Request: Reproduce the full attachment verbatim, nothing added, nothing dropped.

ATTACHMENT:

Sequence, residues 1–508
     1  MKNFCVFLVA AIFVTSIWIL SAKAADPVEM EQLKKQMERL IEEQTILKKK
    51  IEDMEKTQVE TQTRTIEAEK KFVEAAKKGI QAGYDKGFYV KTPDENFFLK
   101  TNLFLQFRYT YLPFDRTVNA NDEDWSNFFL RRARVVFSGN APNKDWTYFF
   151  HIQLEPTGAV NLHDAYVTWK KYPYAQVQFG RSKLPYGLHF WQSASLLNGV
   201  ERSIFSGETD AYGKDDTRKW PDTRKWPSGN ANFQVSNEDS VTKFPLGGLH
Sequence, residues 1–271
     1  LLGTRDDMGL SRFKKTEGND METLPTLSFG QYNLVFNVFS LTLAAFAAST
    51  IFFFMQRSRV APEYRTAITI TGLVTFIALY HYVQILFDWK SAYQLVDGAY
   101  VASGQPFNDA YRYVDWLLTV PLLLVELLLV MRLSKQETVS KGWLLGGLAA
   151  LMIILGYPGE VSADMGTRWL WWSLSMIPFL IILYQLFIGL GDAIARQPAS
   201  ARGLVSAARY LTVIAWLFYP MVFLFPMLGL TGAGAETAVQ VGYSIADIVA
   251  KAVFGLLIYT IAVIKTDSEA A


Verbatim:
Sequence, residues 1–508
     1  MKNFCVFLVA AIFVTSIWIL SAKAADPVEM EQLKKQMERL IEEQTILKKK
    51  IEDMEKTQVE TQTRTIEAEK KFVEAAKKGI QAGYDKGFYV KTPDENFFLK
   101  TNLFLQFRYT YLPFDRTVNA NDEDWSNFFL RRARVVFSGN APNKDWTYFF
   151  HIQLEPTGAV NLHDAYVTWK KYPYAQVQFG RSKLPYGLHF WQSASLLNGV
   201  ERSIFSGETD AYGKDDTRKW PDTRKWPSGN ANFQVSNEDS VTKFPLGGLH
Sequence, residues 1–271
     1  LLGTRDDMGL SRFKKTEGND METLPTLSFG QYNLVFNVFS LTLAAFAAST
    51  IFFFMQRSRV APEYRTAITI TGLVTFIALY HYVQILFDWK SAYQLVDGAY
   101  VASGQPFNDA YRYVDWLLTV PLLLVELLLV MRLSKQETVS KGWLLGGLAA
   151  LMIILGYPGE VSADMGTRWL WWSLSMIPFL IILYQLFIGL GDAIARQPAS
   201  ARGLVSAARY LTVIAWLFYP MVFLFPMLGL TGAGAETAVQ VGYSIADIVA
   251  KAVFGLLIYT IAVIKTDSEA A